lb1lf on Jan 21, 2021 A Soviet engineer needs some plumbing done in his apartment, and calls for a plumber. The plumber arrives, does his thing, and hands over the bill.The engineer is shocked. -'What, this is like a quarter of what I make in a month - for half an hour's work???'Plumber shrugs. -'Well, why don't you come join us? Easy work, well paid, no responsibility - just remember to keep mum about your degree, as we're not supposed to hire academics.'Our engineer contemplates this for a while, applies for a job as a plumber - and gets it.All is well, good money, no responsibilites - until management requires that they take evening school classes to gain new skills and thus better build socialism. So, grudgingly, our engineer enrolls in a math class and, upon arriving, finds that the teacher wants to establish what the plumbers already know.-'You over there - could you please come to the blackboard and show us the formula for the area of a circle?' he asks our engineer.Standing at the blackboard, he suddenly realizes he can't for the life of him remember the formula; while a bit rusty, he soon figures out how to reason it out - furiously writing out integrals on the blackboard, only to find the area of a circle is -(pi)*r^2.Minus? How did a negative enter into it, he thinks, going over his calculations once again. No, still gets the same result. Sweat building, he turns away from the blackboard for a moment, turning to the other plumbers watching.As in one voice, they all whisper -'Comrade, you must switch the limits to the integral!'
 American version from below:The "you learn limits in like, 9th grade" comment reminds me of this one:Two mathematicians are in a bar. The first one says to the second that the average person knows very little about basic mathematics. The second one disagrees, and claims that most people can cope with a reasonable amount of math. The first mathematician goes off to the washroom, and in his absence the second calls over the waitress. He tells her that in a few minutes, after his friend has returned, he will call her over and ask her a question. All she has to do is answer one third x cubed.She repeats "one thir -- dex cue"?He repeats "one third x cubed".She says, "one thir dex cuebd"?Yes, that's right, he says. So she agrees, and goes off mumbling to herself, "one thir dex cuebd...".The first guy returns and the second proposes a bet to prove his point, that most people do know something about basic math. He says he will ask the blonde waitress an integral, and the first laughingly agrees. The second man calls over the waitress and asks "what is the integral of x squared?".The waitress says "one third x cubed" and while walking away, turns back and says over her shoulder "plus a constant!"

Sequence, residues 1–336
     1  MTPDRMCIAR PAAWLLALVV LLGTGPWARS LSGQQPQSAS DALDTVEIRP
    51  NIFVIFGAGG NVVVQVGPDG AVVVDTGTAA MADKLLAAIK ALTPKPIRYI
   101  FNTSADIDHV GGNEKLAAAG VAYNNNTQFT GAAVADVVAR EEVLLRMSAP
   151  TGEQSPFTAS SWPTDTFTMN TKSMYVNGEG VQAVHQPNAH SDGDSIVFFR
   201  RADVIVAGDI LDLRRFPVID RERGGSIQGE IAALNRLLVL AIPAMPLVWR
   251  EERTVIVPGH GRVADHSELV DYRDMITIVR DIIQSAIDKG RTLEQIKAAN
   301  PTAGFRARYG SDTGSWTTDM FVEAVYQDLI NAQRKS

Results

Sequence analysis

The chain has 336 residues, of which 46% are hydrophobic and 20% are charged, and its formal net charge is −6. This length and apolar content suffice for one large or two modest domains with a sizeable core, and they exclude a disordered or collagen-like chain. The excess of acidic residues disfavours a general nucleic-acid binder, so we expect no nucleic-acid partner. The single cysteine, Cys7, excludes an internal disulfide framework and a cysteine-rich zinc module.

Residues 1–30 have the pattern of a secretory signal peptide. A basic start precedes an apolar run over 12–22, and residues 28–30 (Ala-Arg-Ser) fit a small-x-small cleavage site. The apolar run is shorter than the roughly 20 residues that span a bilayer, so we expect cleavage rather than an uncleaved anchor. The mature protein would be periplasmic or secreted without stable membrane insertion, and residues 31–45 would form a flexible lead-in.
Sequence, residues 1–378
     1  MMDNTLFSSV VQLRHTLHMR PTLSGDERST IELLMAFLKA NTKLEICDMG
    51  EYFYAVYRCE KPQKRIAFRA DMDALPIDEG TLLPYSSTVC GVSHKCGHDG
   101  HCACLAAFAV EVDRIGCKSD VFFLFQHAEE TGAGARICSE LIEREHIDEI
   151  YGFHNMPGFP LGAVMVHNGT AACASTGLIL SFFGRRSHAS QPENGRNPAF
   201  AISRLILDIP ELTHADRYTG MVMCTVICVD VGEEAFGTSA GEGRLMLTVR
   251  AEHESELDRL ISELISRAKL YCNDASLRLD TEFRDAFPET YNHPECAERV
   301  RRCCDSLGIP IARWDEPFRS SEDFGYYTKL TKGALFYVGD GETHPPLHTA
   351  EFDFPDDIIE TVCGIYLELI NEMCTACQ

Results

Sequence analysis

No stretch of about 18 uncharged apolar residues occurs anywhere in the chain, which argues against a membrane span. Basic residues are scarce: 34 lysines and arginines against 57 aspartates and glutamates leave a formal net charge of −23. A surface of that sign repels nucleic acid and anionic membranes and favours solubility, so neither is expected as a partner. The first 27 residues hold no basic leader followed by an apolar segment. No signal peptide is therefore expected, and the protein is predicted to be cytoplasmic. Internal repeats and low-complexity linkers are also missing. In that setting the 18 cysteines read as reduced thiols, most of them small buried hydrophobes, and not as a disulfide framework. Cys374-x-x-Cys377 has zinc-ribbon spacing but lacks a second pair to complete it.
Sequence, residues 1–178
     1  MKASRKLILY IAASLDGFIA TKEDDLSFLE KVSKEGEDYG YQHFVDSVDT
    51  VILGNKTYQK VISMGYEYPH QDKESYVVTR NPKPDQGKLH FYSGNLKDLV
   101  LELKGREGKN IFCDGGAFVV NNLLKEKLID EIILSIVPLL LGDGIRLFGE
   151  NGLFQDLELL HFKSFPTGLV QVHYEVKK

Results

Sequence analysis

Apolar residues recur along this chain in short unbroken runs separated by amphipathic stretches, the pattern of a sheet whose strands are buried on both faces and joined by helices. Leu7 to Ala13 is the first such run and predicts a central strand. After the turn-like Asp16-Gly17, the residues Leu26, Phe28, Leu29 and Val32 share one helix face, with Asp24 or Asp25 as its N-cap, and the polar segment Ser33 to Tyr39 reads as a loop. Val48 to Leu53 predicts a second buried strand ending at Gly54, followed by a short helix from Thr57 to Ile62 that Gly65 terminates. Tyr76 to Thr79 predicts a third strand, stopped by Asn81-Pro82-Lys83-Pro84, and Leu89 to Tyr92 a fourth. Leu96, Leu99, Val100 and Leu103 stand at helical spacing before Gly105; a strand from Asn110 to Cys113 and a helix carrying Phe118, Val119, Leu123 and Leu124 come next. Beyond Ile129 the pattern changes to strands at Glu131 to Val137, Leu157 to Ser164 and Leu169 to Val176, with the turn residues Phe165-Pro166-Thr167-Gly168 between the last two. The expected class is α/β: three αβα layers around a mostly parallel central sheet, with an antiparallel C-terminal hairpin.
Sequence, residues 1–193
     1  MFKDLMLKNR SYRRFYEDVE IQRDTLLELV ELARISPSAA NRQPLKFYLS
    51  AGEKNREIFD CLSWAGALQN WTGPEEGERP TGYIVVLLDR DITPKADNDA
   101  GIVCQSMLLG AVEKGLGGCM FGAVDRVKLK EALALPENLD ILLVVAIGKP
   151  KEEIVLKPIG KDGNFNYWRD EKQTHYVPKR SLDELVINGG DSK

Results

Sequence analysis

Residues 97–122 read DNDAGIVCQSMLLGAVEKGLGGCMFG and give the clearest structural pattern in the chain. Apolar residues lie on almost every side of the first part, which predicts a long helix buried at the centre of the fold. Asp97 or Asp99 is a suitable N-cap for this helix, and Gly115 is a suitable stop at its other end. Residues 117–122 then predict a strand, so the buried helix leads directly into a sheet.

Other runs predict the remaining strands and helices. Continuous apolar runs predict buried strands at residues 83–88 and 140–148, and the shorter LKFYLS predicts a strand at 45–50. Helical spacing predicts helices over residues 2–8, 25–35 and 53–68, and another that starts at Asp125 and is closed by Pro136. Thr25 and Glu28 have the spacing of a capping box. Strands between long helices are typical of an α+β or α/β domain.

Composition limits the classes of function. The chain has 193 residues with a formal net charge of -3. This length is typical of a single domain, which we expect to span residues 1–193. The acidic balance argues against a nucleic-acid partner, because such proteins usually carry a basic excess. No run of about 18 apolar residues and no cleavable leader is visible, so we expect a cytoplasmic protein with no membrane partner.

I've heard a variation of that were the professor is at a bar with a couple of visiting professors. He tells them, in this town pretty much everyone is smart and he proves it by asking the waitress. (The rest of the joke is the same.)
 smlckz on Jan 21, 2021 I think the integral is 4 * integrate sqrt(r^2 - x^2) w.r.t. x from x=0 to x=r  which is from the equation of circle with radius r centered at the origin: x^2 + y^2 = r^2 => y = sqrt(r^2 - x^2)  any other way achieve the same using integration?
 You can arrive at the same by slicing in nearly any manner you wish: vertical dx strips, horizontal dy strips, radial dtheta strips, concentric rings treated as rectangles, diagonal strips, literally anything you wish.If you've never set up and worked a few, try the dx version and the dy version, then maybe fiddle with a few others. They all work.The concentric rings one is trivial to work out. Integrate over r from 0 to R. Each ring at radius r has thickness dr, and has length 2 pi r, treated simply as a rectangle, which is "close enough" since each is arbitrarily thin. Then the integral isint_0^R 2 pi r dr = 2pi r^2/2 from 0 to R = pi R^2.A really pretty one cuts the circle into wedges, then rearranges them by alternating direction to make a "rectangle" approx r high, approx pi * r wide, with bumpy top and bottom. In the limit this has area pi * r * r, and can be shown to kids without needing calculus.And it's not magic or circular, since pi is defined (in this case...) as the ratio of circumference to diameter.
 sriku on Jan 21, 2021 \int_0^2π{(1/2)r^2dθ}Value inside the integral is area of thin triangle of height r and base rdθ.
 stevage on Jan 21, 2021 I don't quite get the punchline. I understand how if you integrate in the wrong direction you get a negative area, but is there a double meaning here?
 I believe the implication is that all the plumbers are advanced degree holders, not just the engineer.
 lb1lf on Jan 21, 2021 -The idea is that all the plumbers are academics looking for the easy life. :)
 stavros on Jan 21, 2021 The limits are the shackles of oppression, the integral is the proletariat and switching is disavowing capitalism and seizing the means of production.